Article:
Presentation on theme: "ICT AS A level New Specification 2008. 4.1Unit IT1 Information Systems(AS) Examination 4.2Unit IT2 Presenting Information (AS) Coursework 4.3Unit IT3."— Presentation transcript:
4.1Unit IT1 Information Systems(AS) Examination 4.2Unit IT2 Presenting Information (AS) Coursework 4.3Unit IT3 Use and Impact of ICT(A2) Examination 4.4Unit IT4Relational Databases(A2) Coursework
ICT1 60 % 2 hours 15 minutes Written Paper Unit title (ICT1) A written paper of two sections, presented in a question and answer booklet. There are no optional questions. Candidates will be required to prepare a spreadsheet on a specific topic, defined by WJEC, in advance of the written paper. Hard copies of the spreadsheet are taken into the examination and used to answer questions in Section B. This spreadsheet is submitted with the completed examination paper. Paper raw mark total: 80 Paper UMS total: 120
ICT2 40% Internal Assessment Unit title (ICT2) Candidates undertake DTP and multimedia tasks, presenting the outcome for internal assessment and moderation by WJEC. Unit raw mark total: 80 Unit UMS total: 80
ICT3 60% 2.5 hours Written Paper Unit title (ICT3) A written paper of two sections, A and B, presented as a question paper requiring a separate answer booklet. Candidates answer all questions in Section A Select one from two in Section B. Paper raw mark total: 90 Paper UMS total: 120
ICT4 40 % Internal Assessment Unit title (ICT4) Candidates analyse, design, implement, test and evaluate a solution to a problem of their choice requiring the use of a relational database. This is a substantial piece of work, undertaken over an extended period of time (as required by the subject criteria). Internally assessed and moderated by WJEC. Unit raw mark total: 100 Unit UMS total: 80
Unit 1 AS paper Section B It is proposed that candidates be set a task requiring the preparation of a spreadsheet. This would be a broad generic task set by WJEC (e.g. invoicing systems). Candidates would prepare a spreadsheet solution, in lesson time, supervised by the ICT teacher. No work would be completed outside of the classroom, and the finished spreadsheet would be printed out ahead of the written paper session. There will be controls on the hard copy taken into the examination, i.e. no annotation, only normal and formula views of the spreadsheet.
Structure of Assessment Section A 60 marks 45% Section B 20 marks 15% Coursework 60 % 40% Section B will account for 25% of the marks for ICT1.
Section B questions will relate specifically to spreadsheets. Candidates will be able to use their spreadsheet solution to answer in- depth questions on this application. The spreadsheet itself is not marked, but it is proposed that the printouts are submitted with the examination paper so that the examiner can see the links between candidates’ responses and their preparatory work.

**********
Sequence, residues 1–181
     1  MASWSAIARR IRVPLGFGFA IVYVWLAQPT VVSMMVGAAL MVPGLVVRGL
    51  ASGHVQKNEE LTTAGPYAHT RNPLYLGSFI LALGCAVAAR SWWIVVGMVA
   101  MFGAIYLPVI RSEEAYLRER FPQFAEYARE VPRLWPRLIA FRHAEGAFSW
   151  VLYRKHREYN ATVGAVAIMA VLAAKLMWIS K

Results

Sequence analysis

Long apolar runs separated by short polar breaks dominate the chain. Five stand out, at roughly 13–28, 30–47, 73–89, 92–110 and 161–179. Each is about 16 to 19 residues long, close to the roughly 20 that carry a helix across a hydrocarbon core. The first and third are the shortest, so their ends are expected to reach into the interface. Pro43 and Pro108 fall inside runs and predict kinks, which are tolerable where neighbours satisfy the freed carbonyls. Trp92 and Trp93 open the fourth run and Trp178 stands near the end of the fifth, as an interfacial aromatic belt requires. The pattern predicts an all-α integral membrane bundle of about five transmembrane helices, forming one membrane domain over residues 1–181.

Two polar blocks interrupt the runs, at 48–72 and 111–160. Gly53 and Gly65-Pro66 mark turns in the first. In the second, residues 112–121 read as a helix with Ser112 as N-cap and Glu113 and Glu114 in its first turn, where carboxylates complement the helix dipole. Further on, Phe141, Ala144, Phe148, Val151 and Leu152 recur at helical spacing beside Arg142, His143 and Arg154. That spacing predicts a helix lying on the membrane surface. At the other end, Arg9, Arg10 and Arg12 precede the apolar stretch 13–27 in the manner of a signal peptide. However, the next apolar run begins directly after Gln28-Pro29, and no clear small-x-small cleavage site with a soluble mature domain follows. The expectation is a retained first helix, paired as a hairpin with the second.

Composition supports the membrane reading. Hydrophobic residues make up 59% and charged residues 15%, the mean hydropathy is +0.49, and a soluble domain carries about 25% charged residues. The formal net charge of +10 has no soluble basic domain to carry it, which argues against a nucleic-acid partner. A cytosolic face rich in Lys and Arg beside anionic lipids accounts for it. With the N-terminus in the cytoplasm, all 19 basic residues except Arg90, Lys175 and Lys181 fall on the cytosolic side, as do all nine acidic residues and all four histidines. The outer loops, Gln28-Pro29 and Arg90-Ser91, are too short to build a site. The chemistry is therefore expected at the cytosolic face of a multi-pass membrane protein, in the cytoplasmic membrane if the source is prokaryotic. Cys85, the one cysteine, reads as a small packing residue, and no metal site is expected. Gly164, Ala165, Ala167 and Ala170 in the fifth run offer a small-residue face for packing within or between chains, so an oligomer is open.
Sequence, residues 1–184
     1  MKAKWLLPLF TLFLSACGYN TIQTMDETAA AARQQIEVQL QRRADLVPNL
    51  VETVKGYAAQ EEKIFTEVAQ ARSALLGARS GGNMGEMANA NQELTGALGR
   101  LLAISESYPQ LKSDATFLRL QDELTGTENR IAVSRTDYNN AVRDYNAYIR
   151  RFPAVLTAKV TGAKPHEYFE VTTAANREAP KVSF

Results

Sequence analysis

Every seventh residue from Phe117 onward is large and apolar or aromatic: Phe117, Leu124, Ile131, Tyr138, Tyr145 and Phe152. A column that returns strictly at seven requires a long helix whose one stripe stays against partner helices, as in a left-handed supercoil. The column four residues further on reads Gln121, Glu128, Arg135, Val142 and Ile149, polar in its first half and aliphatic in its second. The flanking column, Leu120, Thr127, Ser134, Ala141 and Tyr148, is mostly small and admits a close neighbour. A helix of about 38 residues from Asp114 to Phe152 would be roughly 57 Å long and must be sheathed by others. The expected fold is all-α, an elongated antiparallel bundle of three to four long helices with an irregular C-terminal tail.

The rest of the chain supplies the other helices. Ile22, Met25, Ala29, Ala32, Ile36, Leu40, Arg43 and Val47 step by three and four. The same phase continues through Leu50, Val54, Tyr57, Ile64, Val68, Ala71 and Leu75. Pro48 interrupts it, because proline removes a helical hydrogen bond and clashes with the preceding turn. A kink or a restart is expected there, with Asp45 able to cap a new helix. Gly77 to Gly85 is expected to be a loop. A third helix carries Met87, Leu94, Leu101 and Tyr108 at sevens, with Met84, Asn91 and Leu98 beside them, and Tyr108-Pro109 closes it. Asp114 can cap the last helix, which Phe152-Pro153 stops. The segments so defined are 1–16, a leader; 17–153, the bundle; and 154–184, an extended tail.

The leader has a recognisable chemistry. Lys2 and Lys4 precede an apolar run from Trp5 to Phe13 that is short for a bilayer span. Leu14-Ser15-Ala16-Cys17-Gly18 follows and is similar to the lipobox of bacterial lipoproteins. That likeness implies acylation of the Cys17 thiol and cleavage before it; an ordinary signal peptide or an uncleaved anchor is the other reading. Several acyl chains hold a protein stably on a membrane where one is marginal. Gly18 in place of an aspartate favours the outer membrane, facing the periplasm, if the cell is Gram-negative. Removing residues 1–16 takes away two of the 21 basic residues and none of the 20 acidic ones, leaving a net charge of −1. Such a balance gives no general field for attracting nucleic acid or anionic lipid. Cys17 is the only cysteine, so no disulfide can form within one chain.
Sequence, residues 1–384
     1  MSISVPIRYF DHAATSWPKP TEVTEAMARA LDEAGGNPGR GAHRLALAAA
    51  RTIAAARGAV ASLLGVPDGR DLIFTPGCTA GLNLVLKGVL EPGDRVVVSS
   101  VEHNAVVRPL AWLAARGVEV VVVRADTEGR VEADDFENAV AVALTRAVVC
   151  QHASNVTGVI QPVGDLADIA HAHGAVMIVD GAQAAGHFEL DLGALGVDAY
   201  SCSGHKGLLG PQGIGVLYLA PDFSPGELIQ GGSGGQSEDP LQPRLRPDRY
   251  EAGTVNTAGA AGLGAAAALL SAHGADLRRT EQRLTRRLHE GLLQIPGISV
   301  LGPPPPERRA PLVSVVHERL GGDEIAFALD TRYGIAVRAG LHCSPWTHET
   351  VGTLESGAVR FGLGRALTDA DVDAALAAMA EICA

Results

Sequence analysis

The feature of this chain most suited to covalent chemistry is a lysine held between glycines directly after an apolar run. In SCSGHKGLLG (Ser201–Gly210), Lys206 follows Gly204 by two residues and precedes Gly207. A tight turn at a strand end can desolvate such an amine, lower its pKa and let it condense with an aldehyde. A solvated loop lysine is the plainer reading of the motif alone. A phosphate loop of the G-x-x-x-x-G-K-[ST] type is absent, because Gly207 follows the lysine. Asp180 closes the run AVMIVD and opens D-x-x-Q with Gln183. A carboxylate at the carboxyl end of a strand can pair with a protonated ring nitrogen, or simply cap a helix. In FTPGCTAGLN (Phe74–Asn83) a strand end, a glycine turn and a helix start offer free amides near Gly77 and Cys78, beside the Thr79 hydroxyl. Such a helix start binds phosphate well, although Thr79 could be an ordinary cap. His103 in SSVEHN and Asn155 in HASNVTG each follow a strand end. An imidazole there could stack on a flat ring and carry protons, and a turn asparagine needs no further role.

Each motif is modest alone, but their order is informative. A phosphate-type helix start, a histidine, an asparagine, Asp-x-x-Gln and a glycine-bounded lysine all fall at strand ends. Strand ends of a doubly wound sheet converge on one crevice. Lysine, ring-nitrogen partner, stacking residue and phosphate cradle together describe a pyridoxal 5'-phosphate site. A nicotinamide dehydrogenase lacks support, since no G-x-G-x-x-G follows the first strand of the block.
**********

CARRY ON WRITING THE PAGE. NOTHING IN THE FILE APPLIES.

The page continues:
It is proposed that the 80 raw marks are split 60:20 between Sections A and B. The advisory time split is 2:1, but this reflects the additional time needed to refer to the spreadsheet resource in answering Section B questions. Section B will account for 33% of the marks for ICT1. The unit is marked and reported as a single entity with a maximum UMS value of 120.
AS level 90 UMS for Section A – traditional exam questions 110 UMS coursework + Section B ‘coursework’ questions Consultation at INSET has shown that centres are reluctant to lose the in-depth spreadsheet work candidates currently undertake in Unit 3 of the AS specification neither do they want to lose the multimedia element so many candidates enjoy.
Availability of Assessment Units UnitJanuary 2009 June 2009 January 2010 & each subsequent year June 2009 & each subsequent year ICT1 ICT2 ICT3 ICT4
The context for the task in 2009/2010 is business modelling Candidates will only be given credit when providing practical evidence from their task to support their answers in the written examination.
worksheets showing labels, data, formula multiple sheets and the use of 3D referencing between them lookup or vlookup or hlookup tables drop down list boxes spinners for data entry logical True or False or Tick Boxes or Option boxes startup user interface validation techniques and error messages produced sorting techniques Search for specific criteria Control buttons should be used to initiate macros. Appropriate use of graphs such as bar or column graphs, line graphs, pie charts, scatter graphs, pictographs
Candidates should be familiar with the following formulas / standard functions: A –SUM –COUNT –MAX –MIN –AVERAGE –RAND B –SINGLE IF –MULTIPLE IF –DATE –ROUND and should include evidence of at least two formulas or standard functions from list A and two from list B in their workbook.
Simulation Modelling Candidates should understand and be able to discuss the following; Definition of a simulation model. Uses of simulation modeling for weather forecasting, car crash analysis and financial forecasting. Advantages and disadvantages of using simulation models. Issues relating to hardware used for simulation modelling, including parallel and distributed processing.